Colon cancer symptoms: Fit and healthy dad diagnosed with stage 4 colon cancer reveals first warning sign

A fit and healthy father with stage four cancer says he looked like the “Nightmare on Elm Street” after a horrific reaction to chemotherapy left him too embarrassed to attend his young son’s cricket matches – and now hopes to save his life with a breakthrough vaccine.

Geoffrey Seymour, 41, a procurement specialist, loved tennis, basketball and cricket and had always been healthy until just before his 41st birthday when he began to see blood in his stools.

Geoffrey was aware that this is a symptom of cancer from television advertisements, so he quickly went to see his GP.

Geoffrey, who lives in Richmond, London, with his wife Santa, 44, and their son Marco, 10, was diagnosed with stage four colon cancer, which had spread from his colon to his liver – a situation so serious and seemingly hopeless was that he likened it to “being wrapped in a paper bag on fire”.

He also responded poorly to chemotherapy, which severely blistered the skin on his face and, according to Geoffrey, made him resemble Freddy Krueger from the 1984 horror film, Nightmare on Elm Street.

However, the chemotherapy ended and now, in an attempt to save his life, Geoffrey has traveled to Germany for dendritic cell therapy – where a personalized vaccine is being made in a laboratory with the aim of boosting the immune system.

Research in this area is at an early stage, according to Cancer Research UK, so the treatment wasn’t cheap – just one injection in Germany, on October 17, cost £17,000 and Geoffrey is now waiting to see if it was enough to help him, as he continued to raise money to pay for it.

He said, “I couldn’t even wait for the fundraiser to end to get it done, just because I’m so scared the disease would spread.”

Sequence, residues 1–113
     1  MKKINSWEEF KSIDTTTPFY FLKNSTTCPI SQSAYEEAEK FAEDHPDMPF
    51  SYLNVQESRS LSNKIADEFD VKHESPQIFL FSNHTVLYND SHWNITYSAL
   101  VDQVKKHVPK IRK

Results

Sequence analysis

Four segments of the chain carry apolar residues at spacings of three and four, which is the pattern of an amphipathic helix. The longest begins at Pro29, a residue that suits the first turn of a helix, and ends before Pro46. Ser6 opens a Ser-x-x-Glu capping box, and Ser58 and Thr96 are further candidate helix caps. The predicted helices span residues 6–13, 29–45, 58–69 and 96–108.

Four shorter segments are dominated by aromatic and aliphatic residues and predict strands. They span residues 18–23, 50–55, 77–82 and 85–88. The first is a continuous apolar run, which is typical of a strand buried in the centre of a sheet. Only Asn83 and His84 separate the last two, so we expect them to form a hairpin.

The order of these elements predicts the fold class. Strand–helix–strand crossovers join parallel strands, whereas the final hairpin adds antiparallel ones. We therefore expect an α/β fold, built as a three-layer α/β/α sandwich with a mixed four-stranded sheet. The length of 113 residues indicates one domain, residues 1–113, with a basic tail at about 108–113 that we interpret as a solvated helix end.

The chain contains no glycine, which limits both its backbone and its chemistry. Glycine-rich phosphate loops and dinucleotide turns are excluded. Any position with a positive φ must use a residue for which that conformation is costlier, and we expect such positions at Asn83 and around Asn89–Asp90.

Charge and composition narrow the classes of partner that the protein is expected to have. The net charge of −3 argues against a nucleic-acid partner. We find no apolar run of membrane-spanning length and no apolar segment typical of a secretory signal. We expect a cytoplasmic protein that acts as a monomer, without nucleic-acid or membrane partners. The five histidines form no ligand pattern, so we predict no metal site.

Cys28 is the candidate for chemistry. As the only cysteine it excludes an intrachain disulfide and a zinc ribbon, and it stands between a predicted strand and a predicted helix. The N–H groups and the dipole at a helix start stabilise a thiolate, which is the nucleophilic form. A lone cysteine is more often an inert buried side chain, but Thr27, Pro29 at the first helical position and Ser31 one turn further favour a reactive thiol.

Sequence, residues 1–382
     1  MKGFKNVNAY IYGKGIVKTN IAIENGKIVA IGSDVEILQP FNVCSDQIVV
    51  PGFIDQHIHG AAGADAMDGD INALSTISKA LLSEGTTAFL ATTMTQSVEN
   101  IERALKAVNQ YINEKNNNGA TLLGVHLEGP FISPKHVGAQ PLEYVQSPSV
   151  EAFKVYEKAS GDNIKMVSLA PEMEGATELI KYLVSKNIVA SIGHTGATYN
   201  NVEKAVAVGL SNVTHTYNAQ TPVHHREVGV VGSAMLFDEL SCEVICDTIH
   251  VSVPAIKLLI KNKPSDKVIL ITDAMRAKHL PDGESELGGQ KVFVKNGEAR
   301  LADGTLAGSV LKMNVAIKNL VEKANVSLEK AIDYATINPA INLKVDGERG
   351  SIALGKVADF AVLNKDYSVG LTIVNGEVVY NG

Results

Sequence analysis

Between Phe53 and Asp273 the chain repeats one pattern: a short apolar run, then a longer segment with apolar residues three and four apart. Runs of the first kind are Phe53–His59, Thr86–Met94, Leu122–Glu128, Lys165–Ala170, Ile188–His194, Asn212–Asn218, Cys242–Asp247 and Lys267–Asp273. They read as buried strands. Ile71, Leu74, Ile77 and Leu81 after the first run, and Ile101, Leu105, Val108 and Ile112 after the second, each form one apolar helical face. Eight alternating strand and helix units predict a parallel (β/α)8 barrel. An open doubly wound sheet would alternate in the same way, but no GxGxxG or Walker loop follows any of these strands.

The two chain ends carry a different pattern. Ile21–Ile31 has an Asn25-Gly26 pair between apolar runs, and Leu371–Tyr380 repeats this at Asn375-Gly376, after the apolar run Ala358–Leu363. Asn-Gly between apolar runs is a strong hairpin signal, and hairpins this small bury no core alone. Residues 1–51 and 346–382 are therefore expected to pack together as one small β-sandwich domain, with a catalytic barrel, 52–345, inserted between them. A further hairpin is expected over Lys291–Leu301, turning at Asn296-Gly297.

Geoffrey was determined to find a new approach after three sessions of five doses of chemotherapy failed and left him with side effects so bad that he no longer wanted to go out in public, not even to watch his infant son play cricket.

“I had a really bad reaction in my face, it was full of painful blisters that made my face feel like it was on fire,” he said.

“I just got to the point where I kind of looked like Nightmare on Elm Street. Unless I went there with a bag on my head, other people would come up and look at me and think, ‘What’s wrong with this man?’ when I’m quite happy to blend in with the crowd.

Geoffrey’s ordeal began in April 2021, just two weeks before his 41st birthday on March 4, when he began to experience the first warning signs of cancer.

After seeing blood in his stool, Geoffrey decided to see his GP as he knew it could be a symptom of cancer. And in late March, at Kingston Hospital, he was diagnosed with stage four colorectal cancer, which had spread to the liver.

After diagnosis, in March 2021, he underwent five cycles of chemotherapy every three weeks that initially reduced the lesions in his liver. At this point, he says he felt “optimistic.”